Ten wild ponies, possibly a third of those that roamed the narrow northern end of Assateague Island, died during the severe northeaster that ravaged the Maryland and Delaware coasts Saturday.
The deaths were the first in at least a quarter-century under such circumstances on the rugged, low-lying barrier island, authorities said. All of the island is either national or state parkland.
"It hit so fast. I would suspect they were caught without being able to get away from it," said Roger Rector, superintendent of Assateague Island National Seashore. "And of course, there is no way you can get them off the island."
He said the island has not experienced such a severe storm since 1962, when a March northeaster caused extensive damage along the same Maryland, Delaware and Virginia coastal areas.
At least several rare Sika deer, which inhabit the island, also died in Saturday's storm, he said, which hit at high tide, accompanied by wind gusts as high as 70 mph.
The ponies were most likely from a subherd of 30 that live on the northern tip of the 37-mile long island, a stretch that in some places is only 300 feet wide, Mr. Rector said. Those ponies are occasionally visible across an inlet to vacationers in Ocean City. They are among 149 cared for by the National Park Service in Maryland.
A separate herd of 139 ponies owned by the Chincoteague Volunteer Fire Department lives on the much wider Virginia part of the island and was believed safe yesterday, fire officials said. The Assateague and Chincoteague ponies were made famous by Marguerite Henry's 1947 children's book, "Misty of Chincoteague."
The dead ponies probably panicked and could not escape to high ground, said Ann Bell, district naturalist with the National Park Service in Maryland. "We are picking them off the mainland," she said. "Most were washed in toward the shore."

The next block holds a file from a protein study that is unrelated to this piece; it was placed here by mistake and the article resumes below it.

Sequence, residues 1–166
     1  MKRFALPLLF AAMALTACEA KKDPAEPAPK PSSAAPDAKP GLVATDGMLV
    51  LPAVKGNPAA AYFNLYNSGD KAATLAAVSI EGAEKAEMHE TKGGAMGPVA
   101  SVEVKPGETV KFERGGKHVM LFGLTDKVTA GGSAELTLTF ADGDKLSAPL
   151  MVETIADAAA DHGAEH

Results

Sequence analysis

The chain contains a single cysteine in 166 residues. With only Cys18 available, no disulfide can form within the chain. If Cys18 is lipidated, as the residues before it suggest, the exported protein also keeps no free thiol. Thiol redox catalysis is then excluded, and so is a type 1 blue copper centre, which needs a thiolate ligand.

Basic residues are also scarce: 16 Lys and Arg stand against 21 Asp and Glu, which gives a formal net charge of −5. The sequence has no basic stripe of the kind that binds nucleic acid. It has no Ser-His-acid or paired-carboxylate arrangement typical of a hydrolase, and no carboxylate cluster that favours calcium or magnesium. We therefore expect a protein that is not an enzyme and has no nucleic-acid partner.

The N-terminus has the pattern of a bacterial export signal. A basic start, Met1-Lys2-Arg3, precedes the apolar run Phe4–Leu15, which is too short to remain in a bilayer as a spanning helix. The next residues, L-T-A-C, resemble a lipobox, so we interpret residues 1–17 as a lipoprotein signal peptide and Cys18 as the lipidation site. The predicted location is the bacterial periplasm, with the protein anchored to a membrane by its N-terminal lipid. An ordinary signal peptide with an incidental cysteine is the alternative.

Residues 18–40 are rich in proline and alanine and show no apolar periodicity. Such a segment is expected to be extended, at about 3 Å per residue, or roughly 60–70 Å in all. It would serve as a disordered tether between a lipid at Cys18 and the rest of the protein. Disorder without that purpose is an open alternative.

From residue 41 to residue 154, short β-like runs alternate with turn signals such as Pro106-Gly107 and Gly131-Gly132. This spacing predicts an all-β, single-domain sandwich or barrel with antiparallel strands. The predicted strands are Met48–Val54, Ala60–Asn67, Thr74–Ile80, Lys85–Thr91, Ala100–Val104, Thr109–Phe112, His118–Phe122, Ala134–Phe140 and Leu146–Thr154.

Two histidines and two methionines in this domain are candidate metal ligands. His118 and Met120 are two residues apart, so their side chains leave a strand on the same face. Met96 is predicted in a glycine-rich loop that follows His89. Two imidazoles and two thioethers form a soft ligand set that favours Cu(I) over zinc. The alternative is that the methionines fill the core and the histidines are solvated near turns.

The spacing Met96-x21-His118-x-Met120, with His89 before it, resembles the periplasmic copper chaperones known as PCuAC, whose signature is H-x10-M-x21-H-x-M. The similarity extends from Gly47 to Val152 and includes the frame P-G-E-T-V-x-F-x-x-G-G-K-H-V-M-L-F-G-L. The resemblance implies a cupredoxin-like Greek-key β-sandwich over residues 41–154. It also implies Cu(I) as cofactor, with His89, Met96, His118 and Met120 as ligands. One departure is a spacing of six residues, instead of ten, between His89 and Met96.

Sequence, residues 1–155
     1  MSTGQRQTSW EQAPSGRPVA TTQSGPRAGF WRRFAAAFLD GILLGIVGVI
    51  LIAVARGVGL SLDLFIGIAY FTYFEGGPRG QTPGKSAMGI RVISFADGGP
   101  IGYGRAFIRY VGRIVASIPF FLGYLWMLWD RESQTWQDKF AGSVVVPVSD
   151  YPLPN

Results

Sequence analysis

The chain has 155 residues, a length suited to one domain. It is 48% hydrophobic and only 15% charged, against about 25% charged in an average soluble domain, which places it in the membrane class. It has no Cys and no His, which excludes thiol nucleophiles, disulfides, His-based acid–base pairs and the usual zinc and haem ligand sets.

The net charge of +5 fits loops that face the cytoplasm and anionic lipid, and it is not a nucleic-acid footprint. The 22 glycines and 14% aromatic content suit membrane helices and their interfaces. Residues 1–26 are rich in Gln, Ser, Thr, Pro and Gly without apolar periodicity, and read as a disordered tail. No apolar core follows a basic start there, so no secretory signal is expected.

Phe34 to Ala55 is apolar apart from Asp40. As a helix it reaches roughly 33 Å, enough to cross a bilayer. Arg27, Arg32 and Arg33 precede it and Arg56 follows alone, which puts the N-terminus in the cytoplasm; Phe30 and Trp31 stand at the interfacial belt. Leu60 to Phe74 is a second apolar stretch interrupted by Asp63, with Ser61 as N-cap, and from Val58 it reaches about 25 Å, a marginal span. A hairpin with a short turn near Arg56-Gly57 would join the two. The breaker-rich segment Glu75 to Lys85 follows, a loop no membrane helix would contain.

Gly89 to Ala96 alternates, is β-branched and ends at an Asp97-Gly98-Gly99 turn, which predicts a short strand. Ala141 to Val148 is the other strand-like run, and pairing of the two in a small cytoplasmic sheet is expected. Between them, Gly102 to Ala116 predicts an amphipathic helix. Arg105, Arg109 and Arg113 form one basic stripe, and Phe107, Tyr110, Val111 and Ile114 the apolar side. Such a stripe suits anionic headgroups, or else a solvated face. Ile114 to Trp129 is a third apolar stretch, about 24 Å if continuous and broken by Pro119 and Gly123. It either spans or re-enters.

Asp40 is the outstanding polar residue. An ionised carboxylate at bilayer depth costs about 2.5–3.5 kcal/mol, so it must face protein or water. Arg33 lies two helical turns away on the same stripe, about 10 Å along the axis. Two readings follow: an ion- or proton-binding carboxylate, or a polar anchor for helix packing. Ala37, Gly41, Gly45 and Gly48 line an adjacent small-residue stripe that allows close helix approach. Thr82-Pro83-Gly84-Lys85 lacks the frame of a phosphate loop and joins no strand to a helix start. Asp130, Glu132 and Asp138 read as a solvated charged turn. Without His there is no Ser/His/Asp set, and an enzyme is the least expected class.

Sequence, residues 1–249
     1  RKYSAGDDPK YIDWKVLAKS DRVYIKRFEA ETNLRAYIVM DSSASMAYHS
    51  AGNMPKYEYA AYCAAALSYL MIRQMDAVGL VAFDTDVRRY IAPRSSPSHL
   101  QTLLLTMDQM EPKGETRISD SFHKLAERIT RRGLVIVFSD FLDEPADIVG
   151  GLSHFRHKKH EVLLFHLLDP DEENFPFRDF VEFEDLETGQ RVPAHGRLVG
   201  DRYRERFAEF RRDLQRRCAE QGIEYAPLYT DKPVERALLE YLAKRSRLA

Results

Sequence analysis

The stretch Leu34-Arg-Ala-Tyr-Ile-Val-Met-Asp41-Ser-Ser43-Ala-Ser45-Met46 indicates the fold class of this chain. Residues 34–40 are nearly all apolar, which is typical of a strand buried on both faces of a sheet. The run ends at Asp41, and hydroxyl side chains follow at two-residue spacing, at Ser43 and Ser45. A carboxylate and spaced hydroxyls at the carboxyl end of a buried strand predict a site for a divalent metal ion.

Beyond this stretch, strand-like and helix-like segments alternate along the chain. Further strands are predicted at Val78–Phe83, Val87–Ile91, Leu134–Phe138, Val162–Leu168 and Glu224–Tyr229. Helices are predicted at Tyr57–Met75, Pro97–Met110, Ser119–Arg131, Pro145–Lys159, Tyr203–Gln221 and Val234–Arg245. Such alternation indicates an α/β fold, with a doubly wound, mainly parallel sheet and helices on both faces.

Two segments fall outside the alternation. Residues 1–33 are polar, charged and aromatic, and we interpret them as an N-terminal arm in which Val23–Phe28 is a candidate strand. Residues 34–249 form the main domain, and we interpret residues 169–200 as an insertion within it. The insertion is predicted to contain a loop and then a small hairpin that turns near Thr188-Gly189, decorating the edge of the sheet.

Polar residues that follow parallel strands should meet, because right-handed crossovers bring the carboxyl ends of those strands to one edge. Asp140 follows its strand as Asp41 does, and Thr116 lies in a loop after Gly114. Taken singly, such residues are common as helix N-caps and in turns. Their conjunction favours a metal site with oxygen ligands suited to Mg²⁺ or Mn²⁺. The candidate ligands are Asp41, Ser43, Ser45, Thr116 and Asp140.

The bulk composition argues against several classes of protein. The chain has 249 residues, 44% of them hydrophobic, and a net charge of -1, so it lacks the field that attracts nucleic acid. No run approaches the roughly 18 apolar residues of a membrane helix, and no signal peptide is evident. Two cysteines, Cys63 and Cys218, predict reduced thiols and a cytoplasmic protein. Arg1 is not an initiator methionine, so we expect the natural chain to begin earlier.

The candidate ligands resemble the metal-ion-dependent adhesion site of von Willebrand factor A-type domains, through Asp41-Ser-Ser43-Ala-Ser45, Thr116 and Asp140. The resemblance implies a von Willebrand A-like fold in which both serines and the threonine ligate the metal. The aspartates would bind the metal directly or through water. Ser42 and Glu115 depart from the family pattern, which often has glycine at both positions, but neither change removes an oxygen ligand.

Mr. Rector said the ponies would be buried back on the island: "We will put them to rest on their home ground."
Willis Dize, president of the Chincoteague Volunteer Fire Department, which runs the annual wild pony swim each fall, said he had accounted for most, but not all, of the fire department's herd in a walking survey of the Virginia end of Assateague Island yesterday.
He said fire officials would resume their count today when high waters subside.
The island, much of it flooded and covered in debris, was evacuated. Authorities expect it to be closed for at least a week. "There is quite a bit of damage," Ms. Bell said.
Flooding prevented officials from touring much of the island to assess financial damages. Throughout the island, dunes disappeared, parking lots were covered with sand, nature trails caved in and 2-foot-high piles of debris -- sticks, grass and trees -- covered roadways, said John Schroer, manager of the Chincoteague National Wildlife Refuge, part of the U.S. Department of the Interior.
The Maryland state park at Assateague suffered major dune erosion.
"Basically, our dunes are gone," said J. C. Barbely, assistant manager for maintainance at Assateague State Park. He estimated damage at the 765-acre, 2-mile-long park at about $3 million. Mr. Barbely also said he found one Sika deer dead, possibly drowned, but said most park wildlife appeared to have "made out fairly well."